It wasn’t easy watching his offense melt on the back end of the game, however, knowing there was nothing he could do to change it from the sideline.

“It’s tough,” he said. “It’s tough to not be able to close that game out. You just gotta be able to learn from the mistakes and get back to it.”

Elliott is known to be the “sledgehammer” for the Cowboys and, as such, it’s possible his presence in the four-minute drill would’ve been felt in a major way.

The team attempted to utilize Malik Davis in the role, and it was nearly effective, but a holding call against Connor McGovern deleted a 20-plus yard run that helped torpedo that attempt.

Looking forward, with the red-hot Minnesota Vikings on the GPS for next week, Elliott could certainly come in handy.

“I’m gonna do everything I can to get ready,” he said. “… Super disappointed [in the loss to the Packers]. Would’ve loved to get coach a win here. … We would’ve loved to get him a win tonight.

“We just gotta get back to the drawing board and figure out the Vikings.”

 

The Good, Bad And Ugly From The Green Bay Packers’ Win Over The Dallas Cowboys

Mike McCarthy slammed his headset in disgust on the grass inside Lambeau Field.

Aaron Rodgers jumped as high as a 38-year-old can, pumped his fist and flexed.

McCarthy’s return to Green Bay had been spoiled. The Packers’ losing streak was over.

Kicker Mason Crosby drilled a 28-yard field goal with 3:06 left in overtime Sunday, lifting the Packers to an improbable 31-28 win.

Green Bay improved to 4-6, ended its first five-game losing streak since 2008 and saved its season for the time being. Dallas, which let a 14-point second half lead slip away, fell to 6-3.

“I care about these guys, and, you know … we put a lot into this,” Packers head coach Matt LaFleur said while getting emotional after the win. “And it is tough at times. And … I apologize. But … it means a lot to us. And to be down and fight and continue to fight, that’s what you want to see.”

Dallas, on the other hand, was extremely disappointed it couldn’t make McCarthy’s Homecoming a happy one.

“I mean, obviously, we wanted to get it for Mike (McCarthy), and it sucks, we didn’t,” Dallas quarterback Dak Prescott said. “That’s that. There’s no way to sugarcoat it. There’s nothing else to add on. We wanted to get it for Mike.”

Here’s the good, bad and ugly from Green Bay’s win over the Dallas.

THE GOOD
CHRISTIAN WATSON: The Packers’ rookie second round pick has been a major disappointment most of his first season, struggling with injuries and drops.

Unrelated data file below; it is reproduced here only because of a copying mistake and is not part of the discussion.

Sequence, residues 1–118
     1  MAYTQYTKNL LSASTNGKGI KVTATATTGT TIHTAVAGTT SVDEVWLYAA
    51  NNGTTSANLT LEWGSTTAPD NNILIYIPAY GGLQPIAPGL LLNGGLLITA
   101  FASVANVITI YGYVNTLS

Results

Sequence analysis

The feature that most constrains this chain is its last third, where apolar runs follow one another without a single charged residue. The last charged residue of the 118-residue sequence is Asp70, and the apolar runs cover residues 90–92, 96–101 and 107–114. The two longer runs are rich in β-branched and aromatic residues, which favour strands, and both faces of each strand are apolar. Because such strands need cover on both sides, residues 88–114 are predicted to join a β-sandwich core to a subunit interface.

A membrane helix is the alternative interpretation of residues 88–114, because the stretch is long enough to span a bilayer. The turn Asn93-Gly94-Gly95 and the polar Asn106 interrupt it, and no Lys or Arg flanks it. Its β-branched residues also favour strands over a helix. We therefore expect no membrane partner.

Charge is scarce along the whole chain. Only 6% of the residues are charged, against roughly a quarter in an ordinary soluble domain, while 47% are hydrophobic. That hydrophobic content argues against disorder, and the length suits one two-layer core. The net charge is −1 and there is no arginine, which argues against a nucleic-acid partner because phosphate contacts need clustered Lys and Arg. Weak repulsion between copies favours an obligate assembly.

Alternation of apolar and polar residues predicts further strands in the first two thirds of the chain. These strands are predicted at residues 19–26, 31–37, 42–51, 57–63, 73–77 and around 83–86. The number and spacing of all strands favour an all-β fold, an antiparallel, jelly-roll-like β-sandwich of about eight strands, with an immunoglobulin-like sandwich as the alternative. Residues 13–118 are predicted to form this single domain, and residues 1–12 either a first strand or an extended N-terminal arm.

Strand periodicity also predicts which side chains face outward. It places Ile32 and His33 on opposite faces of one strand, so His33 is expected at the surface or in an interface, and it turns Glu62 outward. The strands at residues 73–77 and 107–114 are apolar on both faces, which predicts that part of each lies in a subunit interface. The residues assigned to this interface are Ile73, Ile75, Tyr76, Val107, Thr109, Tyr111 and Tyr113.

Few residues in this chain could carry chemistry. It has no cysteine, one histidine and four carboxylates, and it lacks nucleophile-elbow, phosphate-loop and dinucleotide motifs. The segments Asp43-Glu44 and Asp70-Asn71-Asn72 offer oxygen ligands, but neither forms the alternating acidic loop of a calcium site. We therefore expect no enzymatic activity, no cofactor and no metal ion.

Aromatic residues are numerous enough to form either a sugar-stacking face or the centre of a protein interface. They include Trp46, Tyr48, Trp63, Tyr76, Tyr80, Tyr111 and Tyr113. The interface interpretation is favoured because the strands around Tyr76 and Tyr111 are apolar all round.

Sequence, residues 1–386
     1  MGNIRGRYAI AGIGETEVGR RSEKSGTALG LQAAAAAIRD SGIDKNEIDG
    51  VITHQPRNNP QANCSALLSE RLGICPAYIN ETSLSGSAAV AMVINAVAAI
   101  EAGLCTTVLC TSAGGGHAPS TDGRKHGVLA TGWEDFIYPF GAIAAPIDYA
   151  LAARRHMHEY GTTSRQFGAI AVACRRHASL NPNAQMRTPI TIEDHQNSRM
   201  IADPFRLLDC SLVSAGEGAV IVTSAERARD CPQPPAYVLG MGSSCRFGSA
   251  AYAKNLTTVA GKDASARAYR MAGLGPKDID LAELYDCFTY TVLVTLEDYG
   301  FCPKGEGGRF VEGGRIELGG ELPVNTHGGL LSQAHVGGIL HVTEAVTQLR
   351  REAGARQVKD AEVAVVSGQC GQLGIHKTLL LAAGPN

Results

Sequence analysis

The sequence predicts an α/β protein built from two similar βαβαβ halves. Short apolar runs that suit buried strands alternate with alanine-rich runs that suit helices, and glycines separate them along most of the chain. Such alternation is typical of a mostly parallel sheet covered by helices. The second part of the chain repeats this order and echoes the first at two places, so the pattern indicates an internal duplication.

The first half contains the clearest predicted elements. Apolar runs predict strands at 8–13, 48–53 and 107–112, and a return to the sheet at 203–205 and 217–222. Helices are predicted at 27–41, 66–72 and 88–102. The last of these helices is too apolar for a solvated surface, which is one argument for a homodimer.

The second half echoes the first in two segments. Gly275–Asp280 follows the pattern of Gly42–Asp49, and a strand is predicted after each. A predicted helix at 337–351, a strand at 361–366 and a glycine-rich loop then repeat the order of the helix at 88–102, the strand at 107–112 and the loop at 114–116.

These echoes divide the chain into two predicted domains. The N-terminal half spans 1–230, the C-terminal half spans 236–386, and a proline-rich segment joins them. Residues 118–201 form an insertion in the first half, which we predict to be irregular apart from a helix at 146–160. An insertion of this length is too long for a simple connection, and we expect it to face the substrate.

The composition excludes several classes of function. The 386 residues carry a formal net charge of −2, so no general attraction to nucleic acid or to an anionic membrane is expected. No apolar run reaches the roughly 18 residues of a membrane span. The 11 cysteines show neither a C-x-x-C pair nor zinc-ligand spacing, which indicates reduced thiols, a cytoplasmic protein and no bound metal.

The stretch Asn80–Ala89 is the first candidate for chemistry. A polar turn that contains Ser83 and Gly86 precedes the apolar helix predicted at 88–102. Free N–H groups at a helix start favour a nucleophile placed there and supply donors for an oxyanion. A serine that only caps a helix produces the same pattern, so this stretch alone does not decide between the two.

Watson missed much of training camp after undergoing knee surgery. He’s missed three games with a hamstring injury — and was knocked out of the last two games with a concussion and a chest injury.

Watson entered Sunday’s game with just 10 catches, but had his coming out party against the Cowboys. Watson scored the first three touchdowns of his career and gave the Packers’ passing game some life for the first time in 2022.

He finished with four receptions for 107 yards and became the first Green Bay rookie wideout to have 100-plus receiving yards and three TDs since James Lofton on Sept. 10, 1978. Watson also joined Lofton, Billy Howton (Nov. 27, 1952) and Max McGee (Oct. 30, 1954) as the only rookies in team history with three touchdown receptions in a single game.

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“That boy is a star today,” Green Bay running back Aaron Jones said of Watson. “Nah, he always is. But I’m just happy for him, to get him back on the field, he’s back healthy, just showing what he can do, and I think he’s going to just continue to grow. That’s what’s shown from camp to now, just the growth. I think that was big for him.”

Watson beat single coverage and hauled in a 58-yard TD pass from Aaron Rodgers with 4:54 left in the second quarter that tied the game, 7-7. Early in the fourth quarter, Watson got loose and caught a 39-yard TD from Rodgers that pulled the Packers within 28-21.

And Watson ran a crossing route with 2 ½ minutes left and nabbed a 9-yard TD from Rodgers that tied the game, 28-28.

“Just super proud of him,” LaFleur said. “He is such a conscientious guy. Very mature for a rookie. It means a lot to him, it does, and you can see it on a daily basis, the way he approaches his work. It was just cool to see him bounce back in that moment.”